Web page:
Price-Gouging Conspiracy Claim for SoCal Gas

     SAN DIEGO (CN) – Major oil companies, including Chevron, ExxonMobil and Shell conspired to create false gasoline shortages in Southern California and gouge prices, an Escondido gas station claims in an antitrust class action.
     Persian Gulf’s July 7 lawsuit gives voice to longstanding allegations of a conspiratorial “gouge gap” in Southern California. The region typically has gas prices 25 cents per gallon or more above national averages.
     “For years Californians have seen tremendous spikes in gasoline prices, seemingly untethered to normal market forces of supply and demand,” the complaint states. “Various reasons have been posited for these giant spikes, including the unique nature of California’s gas market. However, a number of spikes over the years were not the result of California’s market structure (though perhaps enabled by it), but instead are the result of anticompetitive conduct on the part of the major gas refineries operating in the state.” (Parentheses in original.)
     As one example, Persian Gulf, which runs a 76 station in northern San Diego County, describes “suspicious circumstances” in May 2012, which included “rising production, falling demand, increasing inventories and increasing prices.”
     Under any reasonable economic theory, the first three factors should have made prices fall.
     The complaint notes that McCullough Research issued a report that November on the May 2012 spike and another one in October. “In both cases, the underlying data now available contradicts the industry explanations,” Portland, Ore.-based McCullough concluded, according to the compplaint.
     Oil companies cited a fire at a Washington refinery for the May 2012 price spike, as well as the springtime formula conversion and “maintenance shutdowns.”
     But McCullough wrote, in a shorter report in June that year, that “in a competitive market, maintenance would have been delayed to take advantage of the rising West Coast prices.”
     The May and October 2102 price spikes drove the price per gallon above $4 in California, “while the rest of the country experienced a decline in gas prices,” according to the antitrust complaint.
     Six West Coast senators asked the Department of Justice to investigate, citing the McCullough reports, saying that “anomalous, uncompetitive market dynamics may have forced West Coast drivers to pay $1.3 billion more at the pump during the May 2012 price spike than they should have.”
     The senators cited a Federal Trade Commission estimate that “even a one cent per gallon increase in gasoline prices cost California consumers an extra $150 million per year,” according to the complaint. The FTC is investigating.
     Sen. Dianne Feinstein, D-California, asked the FTC to “aggressively … protect” California consumers from years of “malicious and manipulative trading activity.”
     The lawsuit cites a report from the nonprofit Consumer Watchdog, which claims that since February this year, the gouge gap between Southern California and the rest of the nation “hit an unprecedented $1.30 per gallon.”
     And on June 30 this year, according to the complaint, “evidence was presented at the California Energy Commission’s Petroleum Market Advisory Committee meeting in Berkeley that demonstrated that more recent spikes in gas prices appear to again not be based on normal market forces but instead are part of a broader anticompetitive scheme by the defendants.”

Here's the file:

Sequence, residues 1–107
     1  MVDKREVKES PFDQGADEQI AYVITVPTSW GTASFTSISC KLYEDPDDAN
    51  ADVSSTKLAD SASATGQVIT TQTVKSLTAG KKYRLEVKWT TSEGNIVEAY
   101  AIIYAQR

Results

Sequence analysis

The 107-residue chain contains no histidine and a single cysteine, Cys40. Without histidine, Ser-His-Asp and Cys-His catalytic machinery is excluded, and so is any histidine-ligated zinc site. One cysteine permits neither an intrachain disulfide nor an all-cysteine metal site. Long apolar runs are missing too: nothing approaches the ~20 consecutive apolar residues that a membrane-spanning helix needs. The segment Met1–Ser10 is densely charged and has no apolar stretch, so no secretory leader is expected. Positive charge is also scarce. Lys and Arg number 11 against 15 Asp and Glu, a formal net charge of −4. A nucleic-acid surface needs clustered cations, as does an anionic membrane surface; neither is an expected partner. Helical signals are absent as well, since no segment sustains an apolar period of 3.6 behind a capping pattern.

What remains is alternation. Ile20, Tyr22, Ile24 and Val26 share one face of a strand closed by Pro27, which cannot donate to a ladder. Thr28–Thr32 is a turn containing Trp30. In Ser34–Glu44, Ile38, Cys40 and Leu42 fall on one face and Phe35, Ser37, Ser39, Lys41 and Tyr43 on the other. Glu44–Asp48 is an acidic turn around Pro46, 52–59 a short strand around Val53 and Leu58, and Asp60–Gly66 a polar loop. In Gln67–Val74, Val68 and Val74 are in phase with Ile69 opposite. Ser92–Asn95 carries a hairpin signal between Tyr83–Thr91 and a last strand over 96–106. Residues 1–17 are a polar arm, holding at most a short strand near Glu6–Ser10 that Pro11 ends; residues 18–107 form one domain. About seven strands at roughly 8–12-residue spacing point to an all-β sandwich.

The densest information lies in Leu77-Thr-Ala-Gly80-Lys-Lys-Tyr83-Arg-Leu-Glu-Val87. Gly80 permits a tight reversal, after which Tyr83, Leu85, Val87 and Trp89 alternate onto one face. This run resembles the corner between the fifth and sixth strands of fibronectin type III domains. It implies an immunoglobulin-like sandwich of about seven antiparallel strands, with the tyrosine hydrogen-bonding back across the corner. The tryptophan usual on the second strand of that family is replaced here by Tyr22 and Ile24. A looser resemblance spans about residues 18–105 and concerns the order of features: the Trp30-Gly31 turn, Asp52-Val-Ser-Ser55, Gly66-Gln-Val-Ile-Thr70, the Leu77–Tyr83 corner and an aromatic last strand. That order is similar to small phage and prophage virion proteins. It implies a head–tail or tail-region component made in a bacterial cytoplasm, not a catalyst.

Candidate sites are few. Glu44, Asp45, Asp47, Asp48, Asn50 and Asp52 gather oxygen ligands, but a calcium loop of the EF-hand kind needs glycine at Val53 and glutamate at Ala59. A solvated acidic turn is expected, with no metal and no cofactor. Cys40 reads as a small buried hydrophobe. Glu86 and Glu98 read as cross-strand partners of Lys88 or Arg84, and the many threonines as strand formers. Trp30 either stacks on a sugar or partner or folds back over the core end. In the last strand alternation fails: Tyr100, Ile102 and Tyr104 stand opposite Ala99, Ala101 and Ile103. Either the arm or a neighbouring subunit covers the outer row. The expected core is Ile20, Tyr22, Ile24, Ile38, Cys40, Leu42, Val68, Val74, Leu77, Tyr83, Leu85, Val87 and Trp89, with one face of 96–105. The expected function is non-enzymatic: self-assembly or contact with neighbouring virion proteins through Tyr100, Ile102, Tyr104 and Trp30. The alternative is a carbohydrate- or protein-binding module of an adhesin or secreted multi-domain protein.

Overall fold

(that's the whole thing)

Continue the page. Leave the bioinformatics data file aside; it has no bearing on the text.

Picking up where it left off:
The complaint’s 22-page summary and introduction cites a welter of other reports, all tending toward the same conclusion. Major oil companies also have been accused of disseminating false information to support their price hikes, and the complaint cites a 2004 federal indictment that accused Reliant Energy Services of doing just that. Reliant agreed to a deferred prosecution agreement in March 2007.
     There are 19 oil refineries on the West Coast, but ownership is concentrated, with major refiners owning two or three refineries each, and demand in Southern California is inelastic due to its commuter culture. “This is exactly the type of environment where market power is likely to exist,” the complaint states.
     The top seven refiners, all of them defendants in this case, produce more than 92 percent of California’s gasoline, and the top four own nearly 80 percent of the state’s refining capacity, according to the complaint, which cites a 2002 U.S. Senate report, “Gas Prices: How Are They Really Set?”
     The complaint claims that regular meetings of the numerous trade associations in the oil and gas industries give Big Oil “opportunity to collude.” It claims that one defendant, ConocoPhillips alone, spent $48.3 million lobbying lawmakers from 2010-13.
     Oil companies claim that California’s strict air rules force them to switch from winter to summer blends of gas, which takes refineries offline and reduces supply.
     Critics claim that regional gas prices are higher all the time, and that no meetings or electronic conniving is necessary for the conspiracy, as oil companies can simply send people to the streets to see what others are charging.
     Congress has investigated repeatedly, as have independent firms, and though the gouge gap is a reality, conspiracy allegations have been difficult to prove.
     Persian Gulf seeks damages for violations of California antitrust law, known as the Cartwright Act, and unfair competition.
     The defendants are Alon USA Energy, BP West Coast Products, Chevron USA, ConocoPhillips, Equilon Enterprises, Shell Oil, ExxonMobil Refining & Supply, Kern Oil & Refining Co; Tesoro Refining & Marketing Co., and Valero Energy Corp.
     Defendants that are not recognizable gas station brands are refiners.
     Persian Gulf is represented in Superior Court by the San Diego office of Robbins Geller Rudman & Dowd.

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